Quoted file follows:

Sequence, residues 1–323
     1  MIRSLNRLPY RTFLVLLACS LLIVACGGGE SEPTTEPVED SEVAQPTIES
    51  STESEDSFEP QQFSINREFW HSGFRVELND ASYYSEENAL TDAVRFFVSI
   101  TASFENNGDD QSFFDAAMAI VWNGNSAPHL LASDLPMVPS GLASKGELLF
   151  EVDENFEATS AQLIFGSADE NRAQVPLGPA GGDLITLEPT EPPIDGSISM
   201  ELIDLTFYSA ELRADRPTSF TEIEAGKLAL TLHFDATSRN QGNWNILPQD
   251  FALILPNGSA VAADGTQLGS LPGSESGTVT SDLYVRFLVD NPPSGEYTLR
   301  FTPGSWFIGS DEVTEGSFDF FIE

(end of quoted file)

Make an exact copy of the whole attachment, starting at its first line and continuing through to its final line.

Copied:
Sequence, residues 1–323
     1  MIRSLNRLPY RTFLVLLACS LLIVACGGGE SEPTTEPVED SEVAQPTIES
    51  STESEDSFEP QQFSINREFW HSGFRVELND ASYYSEENAL TDAVRFFVSI
   101  TASFENNGDD QSFFDAAMAI VWNGNSAPHL LASDLPMVPS GLASKGELLF
   151  EVDENFEATS AQLIFGSADE NRAQVPLGPA GGDLITLEPT EPPIDGSISM
   201  ELIDLTFYSA ELRADRPTSF TEIEAGKLAL TLHFDATSRN QGNWNILPQD
   251  FALILPNGSA VAADGTQLGS LPGSESGTVT SDLYVRFLVD NPPSGEYTLR
   301  FTPGSWFIGS DEVTEGSFDF FIE